The half-hour investigative program explored tiny temporary accommodation, unreliable bus transportation to and from Amazon offices, temporary and unsecured contracts, as well as the last-minute outsourcing of work contracts to employment agencies - reportedly paying less than the wages advertised on the original job application.
It also displayed a heavy presence of security staff from a company called H.E.S.S (Hensel European Security Services), with the program questioning a possible allusion to Adolf Hitler's deputy, Rudolf Hess. The security firm was contracted by an employment agency, not Amazon directly.
Employees are currently carrying out a series of strikes to force the company to raise wages and improve working and living conditions.Amazon employs about 9,000 workers in Germany, but many are on short-term contracts. The corporate behemoth refuses to recognize its workers’ right to collectively bargain, a move that is not in line with other online retailers there. German retail union ver.di says Amazon is importing its anti-worker policies into the country.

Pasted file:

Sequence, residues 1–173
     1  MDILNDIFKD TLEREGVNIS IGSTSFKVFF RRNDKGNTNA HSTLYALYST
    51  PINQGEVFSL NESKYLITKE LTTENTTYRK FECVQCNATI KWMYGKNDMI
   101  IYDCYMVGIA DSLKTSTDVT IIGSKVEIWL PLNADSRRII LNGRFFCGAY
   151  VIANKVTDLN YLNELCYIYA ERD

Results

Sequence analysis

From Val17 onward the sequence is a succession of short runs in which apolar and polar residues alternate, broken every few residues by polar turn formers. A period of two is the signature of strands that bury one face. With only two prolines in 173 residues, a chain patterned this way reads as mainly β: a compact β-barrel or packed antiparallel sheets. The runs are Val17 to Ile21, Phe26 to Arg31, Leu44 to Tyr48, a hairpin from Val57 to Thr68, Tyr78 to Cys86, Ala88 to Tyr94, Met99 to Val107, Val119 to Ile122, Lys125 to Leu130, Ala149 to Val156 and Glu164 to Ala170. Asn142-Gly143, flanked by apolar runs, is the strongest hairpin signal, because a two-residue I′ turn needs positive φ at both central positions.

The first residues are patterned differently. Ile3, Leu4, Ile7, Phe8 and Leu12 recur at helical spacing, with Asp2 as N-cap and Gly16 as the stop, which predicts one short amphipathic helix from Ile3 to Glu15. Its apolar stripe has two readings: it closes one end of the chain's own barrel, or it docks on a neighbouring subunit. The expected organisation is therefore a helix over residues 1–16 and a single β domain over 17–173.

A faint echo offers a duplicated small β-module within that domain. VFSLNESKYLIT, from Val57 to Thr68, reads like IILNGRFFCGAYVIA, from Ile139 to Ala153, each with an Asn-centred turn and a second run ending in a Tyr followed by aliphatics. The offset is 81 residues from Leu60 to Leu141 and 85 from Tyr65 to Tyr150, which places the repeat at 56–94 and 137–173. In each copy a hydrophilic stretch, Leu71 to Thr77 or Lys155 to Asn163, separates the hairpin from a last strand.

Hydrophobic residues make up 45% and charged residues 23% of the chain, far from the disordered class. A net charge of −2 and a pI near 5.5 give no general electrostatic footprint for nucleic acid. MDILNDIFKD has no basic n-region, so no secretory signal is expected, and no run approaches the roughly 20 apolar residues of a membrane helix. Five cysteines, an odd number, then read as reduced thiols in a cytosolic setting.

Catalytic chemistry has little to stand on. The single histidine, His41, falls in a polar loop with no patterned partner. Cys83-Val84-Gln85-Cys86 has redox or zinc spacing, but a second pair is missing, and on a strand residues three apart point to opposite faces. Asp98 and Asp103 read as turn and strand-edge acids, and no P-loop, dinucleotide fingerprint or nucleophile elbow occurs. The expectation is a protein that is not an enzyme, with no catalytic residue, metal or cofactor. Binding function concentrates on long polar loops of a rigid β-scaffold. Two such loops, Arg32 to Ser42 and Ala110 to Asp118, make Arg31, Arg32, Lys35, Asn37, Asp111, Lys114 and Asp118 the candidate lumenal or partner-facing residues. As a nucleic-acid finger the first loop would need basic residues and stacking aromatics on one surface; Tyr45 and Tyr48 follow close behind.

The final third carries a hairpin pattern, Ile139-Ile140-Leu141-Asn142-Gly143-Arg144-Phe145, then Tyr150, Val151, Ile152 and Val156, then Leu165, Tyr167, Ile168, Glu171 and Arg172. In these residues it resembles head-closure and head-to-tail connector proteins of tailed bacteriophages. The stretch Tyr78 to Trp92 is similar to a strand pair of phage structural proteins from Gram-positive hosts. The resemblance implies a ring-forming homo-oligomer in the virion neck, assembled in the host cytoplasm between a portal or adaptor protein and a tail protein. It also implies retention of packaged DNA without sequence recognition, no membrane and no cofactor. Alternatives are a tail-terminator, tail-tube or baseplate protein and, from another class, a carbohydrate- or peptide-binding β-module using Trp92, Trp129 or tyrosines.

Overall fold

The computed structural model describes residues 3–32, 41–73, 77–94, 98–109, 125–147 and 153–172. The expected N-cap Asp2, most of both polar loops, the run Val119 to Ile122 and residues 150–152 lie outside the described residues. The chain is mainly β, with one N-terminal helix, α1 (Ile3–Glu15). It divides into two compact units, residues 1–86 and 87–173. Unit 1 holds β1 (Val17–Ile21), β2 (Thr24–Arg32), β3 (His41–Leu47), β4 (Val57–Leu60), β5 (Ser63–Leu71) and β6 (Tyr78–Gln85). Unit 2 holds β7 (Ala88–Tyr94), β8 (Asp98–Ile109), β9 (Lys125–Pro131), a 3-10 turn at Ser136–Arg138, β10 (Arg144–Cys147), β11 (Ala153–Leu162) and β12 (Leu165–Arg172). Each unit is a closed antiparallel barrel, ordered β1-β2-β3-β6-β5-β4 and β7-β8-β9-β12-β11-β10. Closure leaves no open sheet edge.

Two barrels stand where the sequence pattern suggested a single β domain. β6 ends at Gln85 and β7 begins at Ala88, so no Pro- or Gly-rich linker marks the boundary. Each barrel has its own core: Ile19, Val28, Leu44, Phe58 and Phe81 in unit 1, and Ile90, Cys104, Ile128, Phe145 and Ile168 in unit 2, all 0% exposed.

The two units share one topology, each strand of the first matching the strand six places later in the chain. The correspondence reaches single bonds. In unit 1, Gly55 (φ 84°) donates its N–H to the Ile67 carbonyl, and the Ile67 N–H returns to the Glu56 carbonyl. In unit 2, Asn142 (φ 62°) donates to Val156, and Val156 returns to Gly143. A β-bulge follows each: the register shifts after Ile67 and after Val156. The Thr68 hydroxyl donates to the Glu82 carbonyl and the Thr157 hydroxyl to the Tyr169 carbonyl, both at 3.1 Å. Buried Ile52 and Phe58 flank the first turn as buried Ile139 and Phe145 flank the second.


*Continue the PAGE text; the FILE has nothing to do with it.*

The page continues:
Marcus Courtney, a technology and communications department head at Uni Global Union, a federation of trade unions, said the company’s stance is unacceptable:
In Germany, the idea that warehouse workers are going to be getting opposition from an employer when it comes to the right to organize, that’s virtually unheard-of.
Send a message to Jeff Bezos to tell him it is time for Amazon to improve the treatment of its German workers. You can also post a message of solidarity for Amazon workers in Germany on the union’s Facebook page. And to learn more about the movement, click here. The site is mostly in German, but you can still get a feel for the struggle.